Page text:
Why is salt a threat to our source water?
When snow melts or when it rains, the salt used on roads, parking lots and sidewalks to keep us safe washes into our waterways or travels underground in to the source of our drinking water. If we don’t use salt properly, salt levels will increase in Guelph’s drinking water. Increased concentrations of salt in our drinking water may have health impacts on those with pre-existing conditions such as high blood pressure, cardiovascular, kidney, or liver disease.
Did you know? Salt includes all products with chloride. Whether it’s called salt, de-icer or is labelled 100 per cent natural or environmentally friendly, it most likely contains chloride and is salt.
What can I do to protect our source water from salt?
Municipal roads are only one source of salt in the environment. We all have to practice responsible salt use to protect our water resources.
Tips for residents
Try some of these tricks to reduce your salt use at home during the winter:
- Deal with the water before it turns to ice. Store snow where it won’t melt on to paved areas. Repair leaky downspouts and eaves troughs, and direct downspouts away from walkways and driveways.
- Reduce your use of salt. Salt (sodium and chloride) works best between 0 and -10 degrees Celsius. All you need is about one tablespoon of salt for a one-metre square area. If grains of salt are left after the pavement dries, you used too much.
- Use alternative products, other than salt, to create traction on slippery surfaces. Sand or non-clumping kitty litter are good choices and they work well when it’s too cold for salt to work.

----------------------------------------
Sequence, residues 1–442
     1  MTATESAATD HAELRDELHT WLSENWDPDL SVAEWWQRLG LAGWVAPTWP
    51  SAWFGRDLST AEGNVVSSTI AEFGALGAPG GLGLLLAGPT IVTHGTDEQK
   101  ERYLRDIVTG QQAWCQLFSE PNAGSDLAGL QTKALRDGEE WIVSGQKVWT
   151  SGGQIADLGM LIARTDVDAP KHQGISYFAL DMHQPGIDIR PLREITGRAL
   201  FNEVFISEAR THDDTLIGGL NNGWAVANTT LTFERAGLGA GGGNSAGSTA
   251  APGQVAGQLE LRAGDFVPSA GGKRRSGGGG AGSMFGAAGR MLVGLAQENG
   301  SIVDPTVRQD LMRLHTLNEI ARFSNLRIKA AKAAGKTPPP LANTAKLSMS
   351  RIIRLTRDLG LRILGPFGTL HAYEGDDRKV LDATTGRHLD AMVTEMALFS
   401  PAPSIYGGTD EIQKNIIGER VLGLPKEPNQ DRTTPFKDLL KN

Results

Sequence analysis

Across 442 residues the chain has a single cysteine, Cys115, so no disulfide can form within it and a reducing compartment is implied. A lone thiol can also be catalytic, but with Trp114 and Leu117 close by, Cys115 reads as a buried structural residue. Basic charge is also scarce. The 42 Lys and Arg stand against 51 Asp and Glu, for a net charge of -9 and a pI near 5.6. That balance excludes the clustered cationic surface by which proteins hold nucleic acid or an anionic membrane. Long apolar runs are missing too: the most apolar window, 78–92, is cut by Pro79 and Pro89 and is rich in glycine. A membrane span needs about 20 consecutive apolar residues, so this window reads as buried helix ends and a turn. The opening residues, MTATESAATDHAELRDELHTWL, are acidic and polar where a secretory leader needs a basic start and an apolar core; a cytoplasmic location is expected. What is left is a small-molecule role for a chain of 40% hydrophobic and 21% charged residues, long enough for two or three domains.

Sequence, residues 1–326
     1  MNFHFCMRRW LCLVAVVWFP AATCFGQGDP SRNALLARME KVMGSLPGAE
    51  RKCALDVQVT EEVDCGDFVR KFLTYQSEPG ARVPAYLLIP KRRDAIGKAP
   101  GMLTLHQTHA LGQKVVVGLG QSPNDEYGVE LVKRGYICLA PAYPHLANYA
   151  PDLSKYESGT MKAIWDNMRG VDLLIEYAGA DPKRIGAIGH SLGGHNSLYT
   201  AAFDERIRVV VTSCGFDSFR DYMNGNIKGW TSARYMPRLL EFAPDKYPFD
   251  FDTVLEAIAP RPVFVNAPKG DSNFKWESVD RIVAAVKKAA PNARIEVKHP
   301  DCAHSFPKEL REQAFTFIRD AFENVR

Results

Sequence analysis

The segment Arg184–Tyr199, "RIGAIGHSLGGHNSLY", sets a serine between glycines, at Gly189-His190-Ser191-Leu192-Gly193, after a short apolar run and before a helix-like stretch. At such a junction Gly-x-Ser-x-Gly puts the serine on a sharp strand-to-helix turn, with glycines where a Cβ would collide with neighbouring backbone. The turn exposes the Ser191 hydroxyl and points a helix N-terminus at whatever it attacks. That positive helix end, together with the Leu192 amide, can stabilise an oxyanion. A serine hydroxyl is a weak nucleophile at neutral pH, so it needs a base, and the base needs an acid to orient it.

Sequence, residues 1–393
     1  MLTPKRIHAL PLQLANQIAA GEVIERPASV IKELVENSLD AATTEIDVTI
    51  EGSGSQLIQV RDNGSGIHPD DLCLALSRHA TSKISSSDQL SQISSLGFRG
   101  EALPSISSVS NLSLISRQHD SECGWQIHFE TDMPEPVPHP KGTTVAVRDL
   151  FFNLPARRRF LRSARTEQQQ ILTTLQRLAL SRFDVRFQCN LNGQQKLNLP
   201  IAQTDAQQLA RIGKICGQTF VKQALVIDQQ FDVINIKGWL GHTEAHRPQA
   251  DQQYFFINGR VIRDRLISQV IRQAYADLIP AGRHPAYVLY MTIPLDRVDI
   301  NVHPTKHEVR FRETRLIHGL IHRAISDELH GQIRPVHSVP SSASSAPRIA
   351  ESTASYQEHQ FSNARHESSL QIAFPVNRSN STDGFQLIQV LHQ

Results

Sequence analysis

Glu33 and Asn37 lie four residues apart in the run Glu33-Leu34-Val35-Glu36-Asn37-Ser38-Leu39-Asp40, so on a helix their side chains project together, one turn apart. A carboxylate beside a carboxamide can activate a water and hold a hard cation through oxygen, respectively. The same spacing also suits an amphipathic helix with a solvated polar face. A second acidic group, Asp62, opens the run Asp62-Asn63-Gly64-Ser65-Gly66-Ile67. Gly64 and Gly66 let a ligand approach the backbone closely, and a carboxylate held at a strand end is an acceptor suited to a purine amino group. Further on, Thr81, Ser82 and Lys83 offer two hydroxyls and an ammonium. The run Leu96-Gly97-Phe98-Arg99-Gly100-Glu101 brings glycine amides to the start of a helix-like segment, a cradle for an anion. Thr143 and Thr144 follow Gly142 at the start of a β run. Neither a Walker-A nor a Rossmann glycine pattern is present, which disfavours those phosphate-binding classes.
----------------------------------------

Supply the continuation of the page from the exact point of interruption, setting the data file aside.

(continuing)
- Only treat icy areas. Remove as much ice as you can with an ice chopper. Only use salt, sand or non-clumping kitty litter on icy patches.
- Clear snow as soon as you can. Clear snow as soon as possible so it doesn’t get packed down and turn to ice.
- Properly store and clean up excess salt. Empty leftover salt from your scoop or bucket back into the bag, and not on the ground. Sweep up excess salt to save for another time. Remember, salt does not expire, so store left over salt to use next winter.
Tips for businesses and property managers
Try these tips to reduce salt use on your property:
- Hire a Smart About Salt™ certified contractor
- Adjust road salt application rates to suit current and forecast conditions. In general, use less salt when temperatures are rising and more salt when they are falling.
- Deal with the water before it turns to ice. Store snow where it won’t melt on to paved areas. Repair leaky downspouts and eaves troughs, and direct downspouts away from walkways and driveways. Keep storm drains clear to help melting snow drain away from your property.
- Use alternative products whenever possible to create traction on icy surfaces. Sand is a good choice and works well when it’s too cold for the salt to work.
- Try de-icing liquid. Applying salt brine before a storm to prevent snow and ice from bonding to the pavement requires less product than traditional salt use.
- Only treat icy areas. Don’t use salt on your whole property unless you need to.
- Remove snow before applying road salt to reduce the amount needed to melt remaining snow and ice.
- Properly store salt. Store road salt and de-icing liquids on an impermeable pad under a cover or roof, or in sealed containers, to prevent exposure to weather conditions. Salt does not expire, so store left over salt to use next winter.
- Make sure winter maintenance operators, contractors, and site supervisors are trained in best salt management practices.
What the City of Guelph is doing
- Investing in new winter salt spreading equipment
- Updating the City’s overall salt management plan
- Training staff in Smart About Salt practices
- Promoting salt best management processes
Resources87 KBSource water protection fact sheet: Road salt (PDF)
For more information
519-822-1260 extension 3320